Timb Hoswell's "The Blake Feyerabend Hypothesis" is an intriguing work that makes a case for taking William Blake seriously as a seminal figure in the philosophy of knowledge and suggests an interesting synthesis with the philosophy of Paul Feyerabend.
Contrary to Steven Pinker's recent attempt to rehabilitate "scientism", I argue that the word should stand for a persistent belief that the trustworthiness of institutionalised science is a matter of fact rather than something that needs to be subject to continuous empirical re-evaluation.
A long excerpt from chapter two of Mikhail Bakunin's 'God and the State. I like the way Bakunin draws out the authoritarian parallels between experts and clergy.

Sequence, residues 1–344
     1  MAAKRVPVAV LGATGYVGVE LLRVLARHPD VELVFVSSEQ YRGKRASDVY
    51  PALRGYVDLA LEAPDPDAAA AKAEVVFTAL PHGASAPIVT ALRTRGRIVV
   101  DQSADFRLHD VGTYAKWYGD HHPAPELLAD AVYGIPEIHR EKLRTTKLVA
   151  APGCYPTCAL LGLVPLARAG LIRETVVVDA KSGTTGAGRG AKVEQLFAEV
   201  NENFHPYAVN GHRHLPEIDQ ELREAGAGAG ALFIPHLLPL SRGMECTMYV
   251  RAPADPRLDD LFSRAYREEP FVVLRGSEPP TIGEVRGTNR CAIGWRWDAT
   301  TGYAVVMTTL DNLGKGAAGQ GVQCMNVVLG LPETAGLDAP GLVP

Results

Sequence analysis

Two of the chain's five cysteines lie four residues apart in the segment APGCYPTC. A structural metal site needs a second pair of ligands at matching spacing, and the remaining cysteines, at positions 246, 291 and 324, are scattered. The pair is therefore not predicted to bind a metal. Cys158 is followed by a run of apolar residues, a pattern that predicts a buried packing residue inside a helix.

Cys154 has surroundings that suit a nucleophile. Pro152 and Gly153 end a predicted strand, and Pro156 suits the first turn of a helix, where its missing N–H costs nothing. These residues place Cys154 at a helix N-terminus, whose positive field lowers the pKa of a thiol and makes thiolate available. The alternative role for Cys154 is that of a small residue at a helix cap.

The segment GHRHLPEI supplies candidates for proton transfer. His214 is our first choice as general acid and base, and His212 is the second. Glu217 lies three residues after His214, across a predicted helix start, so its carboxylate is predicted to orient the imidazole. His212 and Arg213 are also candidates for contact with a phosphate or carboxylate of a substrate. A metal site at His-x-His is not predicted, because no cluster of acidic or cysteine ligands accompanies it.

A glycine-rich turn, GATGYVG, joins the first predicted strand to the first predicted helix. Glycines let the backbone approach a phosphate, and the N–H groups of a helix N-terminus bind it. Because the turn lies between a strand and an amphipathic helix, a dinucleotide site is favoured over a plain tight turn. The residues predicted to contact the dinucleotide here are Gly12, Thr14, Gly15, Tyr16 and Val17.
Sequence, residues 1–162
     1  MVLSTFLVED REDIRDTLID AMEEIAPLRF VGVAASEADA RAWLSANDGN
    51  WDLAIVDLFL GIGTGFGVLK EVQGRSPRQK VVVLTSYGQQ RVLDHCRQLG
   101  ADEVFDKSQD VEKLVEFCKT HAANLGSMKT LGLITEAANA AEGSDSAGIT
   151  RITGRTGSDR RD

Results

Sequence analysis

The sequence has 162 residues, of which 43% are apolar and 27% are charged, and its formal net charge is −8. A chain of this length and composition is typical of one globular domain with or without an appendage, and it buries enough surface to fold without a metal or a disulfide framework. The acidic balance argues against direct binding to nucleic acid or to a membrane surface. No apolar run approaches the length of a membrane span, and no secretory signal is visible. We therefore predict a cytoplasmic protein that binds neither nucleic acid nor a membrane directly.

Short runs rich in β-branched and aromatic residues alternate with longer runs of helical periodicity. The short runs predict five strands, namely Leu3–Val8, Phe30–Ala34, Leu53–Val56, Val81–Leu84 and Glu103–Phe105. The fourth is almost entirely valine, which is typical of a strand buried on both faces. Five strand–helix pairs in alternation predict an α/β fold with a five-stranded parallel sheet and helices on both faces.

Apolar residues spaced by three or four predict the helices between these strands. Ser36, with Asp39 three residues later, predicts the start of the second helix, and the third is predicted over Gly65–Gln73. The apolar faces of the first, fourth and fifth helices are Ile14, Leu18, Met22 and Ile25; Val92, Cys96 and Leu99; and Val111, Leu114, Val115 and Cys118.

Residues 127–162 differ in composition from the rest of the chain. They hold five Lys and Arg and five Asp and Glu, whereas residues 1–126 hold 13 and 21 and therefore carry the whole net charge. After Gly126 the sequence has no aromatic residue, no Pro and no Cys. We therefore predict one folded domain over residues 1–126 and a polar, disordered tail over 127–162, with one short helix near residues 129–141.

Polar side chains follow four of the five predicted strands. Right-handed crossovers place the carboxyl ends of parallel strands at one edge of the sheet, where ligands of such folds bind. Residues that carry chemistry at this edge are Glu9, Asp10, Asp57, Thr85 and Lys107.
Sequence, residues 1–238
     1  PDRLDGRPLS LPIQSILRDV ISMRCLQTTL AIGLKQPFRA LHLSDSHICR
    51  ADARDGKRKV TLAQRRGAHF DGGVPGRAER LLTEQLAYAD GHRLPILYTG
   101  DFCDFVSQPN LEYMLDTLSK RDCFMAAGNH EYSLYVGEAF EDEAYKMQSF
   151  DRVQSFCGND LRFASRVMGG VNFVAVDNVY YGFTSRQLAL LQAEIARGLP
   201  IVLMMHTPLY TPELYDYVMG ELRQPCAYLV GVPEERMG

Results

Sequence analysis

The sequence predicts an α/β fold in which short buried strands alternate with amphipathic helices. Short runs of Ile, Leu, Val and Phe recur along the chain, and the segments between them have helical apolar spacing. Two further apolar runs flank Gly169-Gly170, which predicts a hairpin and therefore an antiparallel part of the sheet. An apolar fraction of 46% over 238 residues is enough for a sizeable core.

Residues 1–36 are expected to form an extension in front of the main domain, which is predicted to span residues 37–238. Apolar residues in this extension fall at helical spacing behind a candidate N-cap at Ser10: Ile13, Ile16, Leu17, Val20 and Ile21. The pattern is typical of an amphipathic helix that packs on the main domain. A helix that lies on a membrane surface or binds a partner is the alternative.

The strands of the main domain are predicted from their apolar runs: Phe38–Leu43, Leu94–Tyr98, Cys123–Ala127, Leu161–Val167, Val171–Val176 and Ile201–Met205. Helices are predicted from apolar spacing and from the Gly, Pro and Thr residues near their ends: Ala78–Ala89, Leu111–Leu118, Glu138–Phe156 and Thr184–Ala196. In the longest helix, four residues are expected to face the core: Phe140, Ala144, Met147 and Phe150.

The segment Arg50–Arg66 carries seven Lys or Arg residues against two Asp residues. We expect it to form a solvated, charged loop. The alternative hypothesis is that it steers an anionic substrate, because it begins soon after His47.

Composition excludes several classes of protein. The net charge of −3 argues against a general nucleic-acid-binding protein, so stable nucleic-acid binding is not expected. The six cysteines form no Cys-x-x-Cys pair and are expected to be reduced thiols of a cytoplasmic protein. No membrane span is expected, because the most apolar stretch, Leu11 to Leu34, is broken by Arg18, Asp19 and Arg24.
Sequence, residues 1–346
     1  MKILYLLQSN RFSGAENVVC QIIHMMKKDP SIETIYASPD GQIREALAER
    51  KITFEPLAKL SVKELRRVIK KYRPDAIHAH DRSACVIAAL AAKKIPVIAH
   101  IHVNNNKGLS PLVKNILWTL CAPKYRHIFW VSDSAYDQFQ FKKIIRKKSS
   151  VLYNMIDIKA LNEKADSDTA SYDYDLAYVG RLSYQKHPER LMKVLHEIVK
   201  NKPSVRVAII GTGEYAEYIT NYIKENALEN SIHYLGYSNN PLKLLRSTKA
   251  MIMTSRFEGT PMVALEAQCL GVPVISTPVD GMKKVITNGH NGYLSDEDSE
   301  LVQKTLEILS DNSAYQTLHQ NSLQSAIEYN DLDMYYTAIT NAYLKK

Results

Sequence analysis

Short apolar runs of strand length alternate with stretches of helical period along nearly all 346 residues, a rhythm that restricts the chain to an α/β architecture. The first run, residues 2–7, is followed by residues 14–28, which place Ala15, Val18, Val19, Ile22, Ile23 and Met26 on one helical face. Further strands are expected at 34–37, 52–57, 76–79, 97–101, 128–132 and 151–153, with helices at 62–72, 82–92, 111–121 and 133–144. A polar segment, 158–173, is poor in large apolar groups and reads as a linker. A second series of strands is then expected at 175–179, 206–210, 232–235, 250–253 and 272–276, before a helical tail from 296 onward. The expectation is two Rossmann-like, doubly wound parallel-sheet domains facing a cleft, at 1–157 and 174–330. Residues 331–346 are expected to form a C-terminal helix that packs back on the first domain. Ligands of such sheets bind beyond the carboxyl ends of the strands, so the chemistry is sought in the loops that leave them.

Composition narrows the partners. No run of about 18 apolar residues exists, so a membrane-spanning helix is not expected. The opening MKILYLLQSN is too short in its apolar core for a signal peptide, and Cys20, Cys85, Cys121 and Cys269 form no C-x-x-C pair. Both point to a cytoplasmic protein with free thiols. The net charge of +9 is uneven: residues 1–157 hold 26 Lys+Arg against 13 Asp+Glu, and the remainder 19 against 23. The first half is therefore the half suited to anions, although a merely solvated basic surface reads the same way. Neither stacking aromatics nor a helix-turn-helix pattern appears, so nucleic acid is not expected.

Recently published studies on the effects of "thinking about science" suggest that it makes people more sensitive to how they imagine others might morally judge them.
Do scientific concepts, hypotheses or theories have any existence beyond the words that refer to them as though they are real things?
"Slow Scientists" call for unlimited time to think. But perhaps they should be careful what they wish for.